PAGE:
The History channel (or as I call it, the Occasionally Historical Channel) just sent out the first five episodes from "Vikings," its new dramatic series, which will premiere in March.
While I haven't watched them yet, the title and packaging got me thinking about "The Vikings," the 1958 movie starring Kirk Douglas and Tony Curtis, which, to my surprise, a lot of people around my office had never seen.
If you haven't, it's worth checking out, as much for its failings as its merits, or the fact Douglas and Curtis were reunited a few years later in the classic "Spartacus," where they also engage in a memorable sword fight.
The movie is hugely soapy and crazily violent, with both of the key characters experiencing major injuries (an eye, a hand) before it's all over; Ernest Borgnine fabulously chews through scenery as the Viking leader; and Janet Leigh (looking about as good as she ever did, which is saying something) plays the woman both of the leads want. But it's a ton of fun, an old matinee-style lark like they don't really make anymore; and it has a sensational score by Mario Nascimbene, which I've been humming since the damn DVD arrived.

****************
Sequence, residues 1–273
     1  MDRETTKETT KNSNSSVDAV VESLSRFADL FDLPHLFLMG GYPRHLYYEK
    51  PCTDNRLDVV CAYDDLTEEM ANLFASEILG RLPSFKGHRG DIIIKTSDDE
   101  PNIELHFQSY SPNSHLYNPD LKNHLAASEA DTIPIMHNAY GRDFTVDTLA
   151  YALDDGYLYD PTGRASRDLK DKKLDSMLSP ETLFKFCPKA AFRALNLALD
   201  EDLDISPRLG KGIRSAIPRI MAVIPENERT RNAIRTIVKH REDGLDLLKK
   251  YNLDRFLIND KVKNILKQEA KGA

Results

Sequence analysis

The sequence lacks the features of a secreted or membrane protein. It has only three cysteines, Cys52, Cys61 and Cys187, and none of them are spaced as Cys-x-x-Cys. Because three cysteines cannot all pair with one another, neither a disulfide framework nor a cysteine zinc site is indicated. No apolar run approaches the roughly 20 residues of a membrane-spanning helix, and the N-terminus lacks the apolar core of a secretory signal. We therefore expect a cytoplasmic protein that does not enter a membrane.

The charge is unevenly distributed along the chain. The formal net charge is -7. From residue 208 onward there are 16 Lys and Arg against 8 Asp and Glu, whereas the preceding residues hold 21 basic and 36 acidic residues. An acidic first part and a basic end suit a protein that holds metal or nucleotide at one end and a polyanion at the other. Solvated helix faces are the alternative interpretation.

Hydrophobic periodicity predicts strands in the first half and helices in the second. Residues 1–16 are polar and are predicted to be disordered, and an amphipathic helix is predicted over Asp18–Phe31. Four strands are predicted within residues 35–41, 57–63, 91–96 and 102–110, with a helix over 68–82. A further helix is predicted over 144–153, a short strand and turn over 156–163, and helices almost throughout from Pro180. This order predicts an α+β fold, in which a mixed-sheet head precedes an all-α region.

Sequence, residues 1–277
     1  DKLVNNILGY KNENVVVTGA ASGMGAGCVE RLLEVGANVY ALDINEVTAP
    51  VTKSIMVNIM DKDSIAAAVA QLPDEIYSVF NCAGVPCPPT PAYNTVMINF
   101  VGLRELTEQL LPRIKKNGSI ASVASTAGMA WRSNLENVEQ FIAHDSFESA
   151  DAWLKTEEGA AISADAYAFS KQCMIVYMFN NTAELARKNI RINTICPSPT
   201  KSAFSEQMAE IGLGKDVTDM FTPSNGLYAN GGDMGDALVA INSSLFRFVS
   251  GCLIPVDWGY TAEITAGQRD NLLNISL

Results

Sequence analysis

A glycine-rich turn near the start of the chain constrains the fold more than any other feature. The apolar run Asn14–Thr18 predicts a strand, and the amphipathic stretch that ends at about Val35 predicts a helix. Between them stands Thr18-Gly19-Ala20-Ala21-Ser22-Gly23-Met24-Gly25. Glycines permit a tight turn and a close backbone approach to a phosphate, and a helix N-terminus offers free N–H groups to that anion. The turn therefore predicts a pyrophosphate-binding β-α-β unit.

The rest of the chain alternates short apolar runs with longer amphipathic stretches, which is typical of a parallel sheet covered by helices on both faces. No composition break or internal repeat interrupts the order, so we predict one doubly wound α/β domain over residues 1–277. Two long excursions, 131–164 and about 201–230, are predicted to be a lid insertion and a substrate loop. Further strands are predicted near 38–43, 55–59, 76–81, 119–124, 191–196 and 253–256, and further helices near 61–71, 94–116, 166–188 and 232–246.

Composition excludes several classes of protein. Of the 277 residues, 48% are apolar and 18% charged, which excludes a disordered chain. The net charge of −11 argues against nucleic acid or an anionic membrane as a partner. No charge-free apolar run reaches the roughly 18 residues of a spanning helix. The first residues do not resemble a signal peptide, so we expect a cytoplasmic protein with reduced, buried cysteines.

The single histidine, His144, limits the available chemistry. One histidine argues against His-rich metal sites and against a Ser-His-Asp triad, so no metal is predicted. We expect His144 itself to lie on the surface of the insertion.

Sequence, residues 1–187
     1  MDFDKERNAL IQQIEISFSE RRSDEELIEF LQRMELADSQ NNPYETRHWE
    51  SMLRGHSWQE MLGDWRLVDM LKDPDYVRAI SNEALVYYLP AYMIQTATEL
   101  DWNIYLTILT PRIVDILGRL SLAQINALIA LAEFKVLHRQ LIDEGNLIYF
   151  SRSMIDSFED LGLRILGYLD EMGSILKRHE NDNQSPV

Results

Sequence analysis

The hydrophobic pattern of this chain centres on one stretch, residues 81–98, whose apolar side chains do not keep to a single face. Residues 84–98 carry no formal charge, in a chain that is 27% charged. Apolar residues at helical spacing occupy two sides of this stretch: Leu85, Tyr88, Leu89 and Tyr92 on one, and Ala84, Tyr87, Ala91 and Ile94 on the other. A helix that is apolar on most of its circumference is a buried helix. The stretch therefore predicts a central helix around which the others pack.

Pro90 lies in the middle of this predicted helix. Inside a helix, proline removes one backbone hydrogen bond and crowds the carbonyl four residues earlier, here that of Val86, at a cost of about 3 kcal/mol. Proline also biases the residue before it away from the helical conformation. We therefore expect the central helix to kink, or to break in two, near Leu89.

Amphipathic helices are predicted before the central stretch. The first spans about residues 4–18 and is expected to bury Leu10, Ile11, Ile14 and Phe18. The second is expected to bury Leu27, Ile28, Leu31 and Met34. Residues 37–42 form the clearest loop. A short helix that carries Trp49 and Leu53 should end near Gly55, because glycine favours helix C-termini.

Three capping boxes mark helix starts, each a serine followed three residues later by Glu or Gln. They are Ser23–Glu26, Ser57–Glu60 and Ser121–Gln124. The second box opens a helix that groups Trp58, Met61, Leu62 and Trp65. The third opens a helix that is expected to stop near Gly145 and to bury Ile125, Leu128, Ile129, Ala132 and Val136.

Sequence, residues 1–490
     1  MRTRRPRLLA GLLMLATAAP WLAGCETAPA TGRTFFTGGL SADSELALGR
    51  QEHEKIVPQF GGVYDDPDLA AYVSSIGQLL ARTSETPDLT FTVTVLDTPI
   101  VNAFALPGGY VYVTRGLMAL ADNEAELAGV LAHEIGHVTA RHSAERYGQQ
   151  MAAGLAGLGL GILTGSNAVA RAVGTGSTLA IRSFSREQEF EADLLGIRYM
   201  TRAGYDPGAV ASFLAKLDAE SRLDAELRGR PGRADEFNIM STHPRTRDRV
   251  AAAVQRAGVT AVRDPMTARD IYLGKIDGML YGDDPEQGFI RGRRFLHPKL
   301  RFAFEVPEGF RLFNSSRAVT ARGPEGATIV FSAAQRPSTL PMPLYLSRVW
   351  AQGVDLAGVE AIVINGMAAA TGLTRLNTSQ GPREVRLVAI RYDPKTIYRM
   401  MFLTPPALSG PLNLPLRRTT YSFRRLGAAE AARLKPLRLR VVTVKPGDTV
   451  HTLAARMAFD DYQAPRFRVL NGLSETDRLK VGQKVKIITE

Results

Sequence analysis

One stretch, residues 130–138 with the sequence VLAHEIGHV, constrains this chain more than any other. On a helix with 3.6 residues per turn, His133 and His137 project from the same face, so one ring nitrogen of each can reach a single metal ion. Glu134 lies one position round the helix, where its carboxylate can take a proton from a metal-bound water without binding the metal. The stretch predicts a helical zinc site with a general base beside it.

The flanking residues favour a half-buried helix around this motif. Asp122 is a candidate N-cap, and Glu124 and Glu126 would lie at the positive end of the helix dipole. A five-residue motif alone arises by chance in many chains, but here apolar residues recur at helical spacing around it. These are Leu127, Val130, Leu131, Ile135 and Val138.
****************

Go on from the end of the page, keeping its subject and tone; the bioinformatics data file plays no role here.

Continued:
While I'm not sure whether it's authorized, the whole movie appears to be available on YouTube, but you can find the introductory segment — where Douglas' character and other Vikings memorably dance on the oars of their boat — here. (As a footnote, I had a chance to interview the director, Richard Fleischer, more than 25 years later when he directed "Conan the Destroyer," and he patiently endured a lot of questions about his earlier movies that, as I recall, never made it into the actual story.)
As I was surfing for clips from the film, I noticed someone online joked that it seemed like "The Vikings" was on every Saturday when he was a kid, which is sort of my memory too.
It's a happy memory, mostly. But I'm hoping that sharing it will at the very least get the damn theme out of my head.